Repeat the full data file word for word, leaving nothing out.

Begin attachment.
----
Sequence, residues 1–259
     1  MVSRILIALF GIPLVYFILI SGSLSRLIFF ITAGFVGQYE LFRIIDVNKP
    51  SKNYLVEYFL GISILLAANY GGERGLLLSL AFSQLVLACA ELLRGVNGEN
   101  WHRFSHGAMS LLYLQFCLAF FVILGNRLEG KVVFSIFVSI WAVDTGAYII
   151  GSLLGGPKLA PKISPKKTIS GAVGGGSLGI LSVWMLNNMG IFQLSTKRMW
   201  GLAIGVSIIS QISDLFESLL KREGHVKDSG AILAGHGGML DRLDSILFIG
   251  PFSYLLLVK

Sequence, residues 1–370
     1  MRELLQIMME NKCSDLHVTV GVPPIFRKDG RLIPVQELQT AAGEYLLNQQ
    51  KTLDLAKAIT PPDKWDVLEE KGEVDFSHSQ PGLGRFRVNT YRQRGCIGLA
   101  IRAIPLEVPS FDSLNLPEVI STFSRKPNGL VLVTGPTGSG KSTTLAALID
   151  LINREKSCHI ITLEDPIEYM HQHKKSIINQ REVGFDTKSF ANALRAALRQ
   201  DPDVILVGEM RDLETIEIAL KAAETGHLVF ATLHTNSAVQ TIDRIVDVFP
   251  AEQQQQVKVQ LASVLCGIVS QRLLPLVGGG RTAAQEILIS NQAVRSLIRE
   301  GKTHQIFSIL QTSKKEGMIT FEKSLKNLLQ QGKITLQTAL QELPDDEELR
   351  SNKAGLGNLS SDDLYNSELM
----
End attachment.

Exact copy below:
Sequence, residues 1–259
     1  MVSRILIALF GIPLVYFILI SGSLSRLIFF ITAGFVGQYE LFRIIDVNKP
    51  SKNYLVEYFL GISILLAANY GGERGLLLSL AFSQLVLACA ELLRGVNGEN
   101  WHRFSHGAMS LLYLQFCLAF FVILGNRLEG KVVFSIFVSI WAVDTGAYII
   151  GSLLGGPKLA PKISPKKTIS GAVGGGSLGI LSVWMLNNMG IFQLSTKRMW
   201  GLAIGVSIIS QISDLFESLL KREGHVKDSG AILAGHGGML DRLDSILFIG
   251  PFSYLLLVK

Sequence, residues 1–370
     1  MRELLQIMME NKCSDLHVTV GVPPIFRKDG RLIPVQELQT AAGEYLLNQQ
    51  KTLDLAKAIT PPDKWDVLEE KGEVDFSHSQ PGLGRFRVNT YRQRGCIGLA
   101  IRAIPLEVPS FDSLNLPEVI STFSRKPNGL VLVTGPTGSG KSTTLAALID
   151  LINREKSCHI ITLEDPIEYM HQHKKSIINQ REVGFDTKSF ANALRAALRQ
   201  DPDVILVGEM RDLETIEIAL KAAETGHLVF ATLHTNSAVQ TIDRIVDVFP
   251  AEQQQQVKVQ LASVLCGIVS QRLLPLVGGG RTAAQEILIS NQAVRSLIRE
   301  GKTHQIFSIL QTSKKEGMIT FEKSLKNLLQ QGKITLQTAL QELPDDEELR
   351  SNKAGLGNLS SDDLYNSELM